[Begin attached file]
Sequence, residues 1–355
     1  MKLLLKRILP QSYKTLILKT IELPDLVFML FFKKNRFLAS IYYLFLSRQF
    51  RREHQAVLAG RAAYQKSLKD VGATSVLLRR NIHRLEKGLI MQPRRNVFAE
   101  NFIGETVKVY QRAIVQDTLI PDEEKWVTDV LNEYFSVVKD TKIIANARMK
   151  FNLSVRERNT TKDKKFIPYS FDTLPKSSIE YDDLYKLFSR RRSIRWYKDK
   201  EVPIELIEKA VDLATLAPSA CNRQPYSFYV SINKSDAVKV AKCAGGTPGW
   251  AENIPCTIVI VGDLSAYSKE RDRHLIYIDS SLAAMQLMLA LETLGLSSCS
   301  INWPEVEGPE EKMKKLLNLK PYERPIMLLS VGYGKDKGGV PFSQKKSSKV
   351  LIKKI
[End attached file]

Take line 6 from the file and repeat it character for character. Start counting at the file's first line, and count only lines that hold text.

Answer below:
   201  EVPIELIEKA VDLATLAPSA CNRQPYSFYV SINKSDAVKV AKCAGGTPGW